Fiona Hill, a service delivery specialist in Reading and Health evaluated: "The library team were delighted to be part of the Belonging Residency. The film captures perfectly the creativity of everyone taking part. This project is a great example of people connecting and bringing a community together. A remarkable achievement, well done to everyone involved."

There's no doubt that the garden will be used to it's full potential in the future, especially with the ownership felt by it's inventors, who leave the project with pride and self-worth.  As the closing shot showcases sunshine that warms the face before dusk, the art is there to acknowledge in plain site.  The start chair crafted glows, but knowing the story behind it makes its, and its producers' futures brighter.

Viva Las Cruddas

Here's the thing: there is simply no age limit on fun, enjoyment and a jolly good laugh; nourishment for the soul. And there is not a logical reason why art needs to be earnest at all times. Organisation Search declared their 40th anniversary of becoming a constituted charity in the west of Newcastle two years ago. They work tirelessly to decrease social isolation and loneliness through numerous inviting activities and offer a listening ear and individual support.

A new friendship group formed that enjoy each other's company at the socially conscious hub, Oasis Cafe. From consultation, it was recognised that this older generation desired new opportunities - particularly photography and music - to diversify into new territories. From the core collective fondly naming themselves the Rat Pack, this developed into the project's working title of The Flat Pack: breathing new life into locations. 

Visual and performance artist Karen Underhill is a storyteller at heart who created the thoughtful piece Wings of the Community, where many a selfie seeker has posed within. The video reveals that the members favoured the classic track Viva Las Vegas. It made sense for this to transpire into the theme of Viva Las Cruddas. Karen and student Merlyn Bradshaw facilitated sessions where the crafting of stars, mosaics, plant plots and neon signage occurred. The inviting environment marked the beginning of their tale.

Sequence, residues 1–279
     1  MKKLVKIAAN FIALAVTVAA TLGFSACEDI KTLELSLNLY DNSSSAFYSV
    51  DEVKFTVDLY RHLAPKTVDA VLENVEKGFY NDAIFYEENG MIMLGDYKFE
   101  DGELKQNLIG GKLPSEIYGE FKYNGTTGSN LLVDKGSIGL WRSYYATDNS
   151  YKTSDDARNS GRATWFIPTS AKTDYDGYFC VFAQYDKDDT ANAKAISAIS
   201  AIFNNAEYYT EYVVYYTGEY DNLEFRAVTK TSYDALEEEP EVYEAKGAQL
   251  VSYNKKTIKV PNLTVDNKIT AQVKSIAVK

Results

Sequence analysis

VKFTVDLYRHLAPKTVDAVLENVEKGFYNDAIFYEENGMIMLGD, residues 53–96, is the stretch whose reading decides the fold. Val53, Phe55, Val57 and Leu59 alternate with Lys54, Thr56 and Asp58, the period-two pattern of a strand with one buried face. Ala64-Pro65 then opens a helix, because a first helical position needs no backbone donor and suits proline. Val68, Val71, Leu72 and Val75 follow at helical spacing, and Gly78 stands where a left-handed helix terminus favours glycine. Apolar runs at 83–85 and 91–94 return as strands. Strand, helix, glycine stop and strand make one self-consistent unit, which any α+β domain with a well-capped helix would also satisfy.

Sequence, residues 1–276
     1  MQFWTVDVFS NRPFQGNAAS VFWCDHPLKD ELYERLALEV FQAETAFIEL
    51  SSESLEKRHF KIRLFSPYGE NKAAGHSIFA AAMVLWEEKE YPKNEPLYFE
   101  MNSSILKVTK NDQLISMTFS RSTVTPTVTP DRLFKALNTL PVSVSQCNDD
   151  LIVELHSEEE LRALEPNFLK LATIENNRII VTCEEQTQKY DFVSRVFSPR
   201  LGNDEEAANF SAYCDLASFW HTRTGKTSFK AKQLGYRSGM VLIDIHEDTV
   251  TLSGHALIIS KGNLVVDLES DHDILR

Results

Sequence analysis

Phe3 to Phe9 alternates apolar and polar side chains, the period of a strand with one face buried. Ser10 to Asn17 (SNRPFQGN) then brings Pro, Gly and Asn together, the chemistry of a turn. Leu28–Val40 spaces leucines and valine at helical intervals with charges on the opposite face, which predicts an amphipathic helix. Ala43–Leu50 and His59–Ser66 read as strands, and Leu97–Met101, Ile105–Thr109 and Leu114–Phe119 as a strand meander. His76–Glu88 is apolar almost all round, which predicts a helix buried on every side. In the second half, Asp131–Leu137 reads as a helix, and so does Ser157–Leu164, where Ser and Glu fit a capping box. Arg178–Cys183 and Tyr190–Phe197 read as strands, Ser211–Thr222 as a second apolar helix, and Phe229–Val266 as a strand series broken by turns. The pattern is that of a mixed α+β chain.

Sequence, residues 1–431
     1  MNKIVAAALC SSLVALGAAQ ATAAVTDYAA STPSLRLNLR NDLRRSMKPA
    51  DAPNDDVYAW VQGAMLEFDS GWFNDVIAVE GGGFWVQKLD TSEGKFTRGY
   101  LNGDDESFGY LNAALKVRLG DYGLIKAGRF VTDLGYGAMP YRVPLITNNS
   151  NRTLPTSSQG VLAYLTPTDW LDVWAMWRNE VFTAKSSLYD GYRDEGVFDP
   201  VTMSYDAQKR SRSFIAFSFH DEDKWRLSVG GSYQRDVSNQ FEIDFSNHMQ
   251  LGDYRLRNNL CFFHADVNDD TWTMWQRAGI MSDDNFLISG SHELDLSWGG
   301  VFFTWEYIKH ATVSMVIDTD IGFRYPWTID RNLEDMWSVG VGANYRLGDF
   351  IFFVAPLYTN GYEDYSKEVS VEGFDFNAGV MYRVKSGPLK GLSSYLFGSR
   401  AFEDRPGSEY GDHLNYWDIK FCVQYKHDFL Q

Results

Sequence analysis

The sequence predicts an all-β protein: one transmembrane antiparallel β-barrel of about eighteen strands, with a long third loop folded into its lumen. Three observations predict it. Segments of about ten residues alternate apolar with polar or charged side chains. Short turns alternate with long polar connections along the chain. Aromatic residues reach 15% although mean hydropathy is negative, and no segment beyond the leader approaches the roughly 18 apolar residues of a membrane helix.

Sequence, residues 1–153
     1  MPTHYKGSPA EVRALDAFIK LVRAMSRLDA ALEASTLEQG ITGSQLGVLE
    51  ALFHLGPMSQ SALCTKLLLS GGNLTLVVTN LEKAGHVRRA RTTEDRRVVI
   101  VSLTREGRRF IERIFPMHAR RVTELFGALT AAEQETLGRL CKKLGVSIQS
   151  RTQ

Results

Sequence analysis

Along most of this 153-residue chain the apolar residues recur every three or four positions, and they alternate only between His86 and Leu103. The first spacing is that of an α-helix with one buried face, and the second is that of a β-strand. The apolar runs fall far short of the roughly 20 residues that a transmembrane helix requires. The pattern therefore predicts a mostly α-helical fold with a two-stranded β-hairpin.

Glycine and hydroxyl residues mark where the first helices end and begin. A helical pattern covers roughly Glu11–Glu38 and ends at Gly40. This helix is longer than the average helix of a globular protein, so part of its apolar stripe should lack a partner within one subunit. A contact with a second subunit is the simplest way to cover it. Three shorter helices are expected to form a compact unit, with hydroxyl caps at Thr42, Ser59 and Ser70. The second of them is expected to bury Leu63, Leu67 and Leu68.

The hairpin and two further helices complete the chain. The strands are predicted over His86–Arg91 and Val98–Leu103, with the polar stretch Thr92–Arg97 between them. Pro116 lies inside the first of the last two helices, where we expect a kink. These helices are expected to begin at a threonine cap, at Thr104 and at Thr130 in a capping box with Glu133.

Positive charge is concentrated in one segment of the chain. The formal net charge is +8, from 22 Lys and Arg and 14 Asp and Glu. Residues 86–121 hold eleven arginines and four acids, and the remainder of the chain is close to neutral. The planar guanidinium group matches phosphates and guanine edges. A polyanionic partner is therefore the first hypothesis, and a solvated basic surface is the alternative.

With the near-deserted shopping centre as their blank canvas, it was calling out for animation and vitality; it had lost its pizazz and needed the gang to help find it again. So, following this, the creation of Vegas-style masks topped the jazzy garments of spangled spectacles and neon wigs for pop-up photo shoots. 

A turn in the footage introduces local star Tony: an Elvis fanatic who accepted the duty of performing a reworded Viva Las Cruddas. By now, the wider community were on board, aided by Tony's promotion in the area. As the merry bunch twirl, prance and sing, the joy on their faces add colour to the surroundings. 

"If you go and mix with some people, even if it's just for half an hour, a cup of tea and a chat, it makes you feel good rather than isolation on your own, which is bad for your health and bad for your mental health,” Tony says succinctly.

Near the end, the group selected positive affirmations, such as I am a thing of beauty and Stardust is within us, that they displayed in all their glory around Cruddas Park in the hope that the vinyl words on walls spread their newfound confidence. Again, these brightly coloured wonders have lit a match of pride in the area. Karen thinks affectionately of her time and concludes,

"This residency has shown what is possible and what can be developed in a forgotten space. We were able to nurture talented locals and grow skills. We made a positive impact on the local community. They are keen to develop this creative hub and have expressed an interest to continue with future sessions and events."

We are Lemington

As part of a local social media campaign, #YourCityYourHome strives to spread awareness of caring for the city by tending to your roots. This residency asked for engagement with ages young and old, and a range of groups that enhance the community, in tandem with the Environmental Engagement and Educational Team. Recycling is a reoccurring and indispensable theme, and if you scratch the surface, there is scope to reuse items, with a touch of inventiveness, to create a brand new object, free from waste, and quite possibly, noble art. 

Sculptural artist Cath Campbell is practised in projects of grandeur - if you cast your eyes to the top of Northern Stage, you will note her handiwork - but also working with a wide variety of individuals on a smaller scale. As the footage commences, she reveals that she is interested in repurposing materials and endeavouring to use recyclable elements in a new and ambitious way. This is not the first time the residencies marked this topic - through music-making digital arts, mosaics and more - so Cath decided to highlight a material high in danger to landscapes yet extremely accessible: plastic. 

Lemington Riverside Primary School took your average pop bottles and transformed them into playful flowers showing that you can find the beauty in anything, with school worker Craig Heely proclaiming that the children were gaining knowledge: "It was fantastic for the children to learn more about recycling and how they can be creative with recycled products too." 

To Coffee on the Corner next, where delicious tea and cake was enhanced by a craft club. Studying the knotting technique of Macrame, a close-up shot reveals that the group weaved disused bags while savouring a much needed moment of rest from busy lives.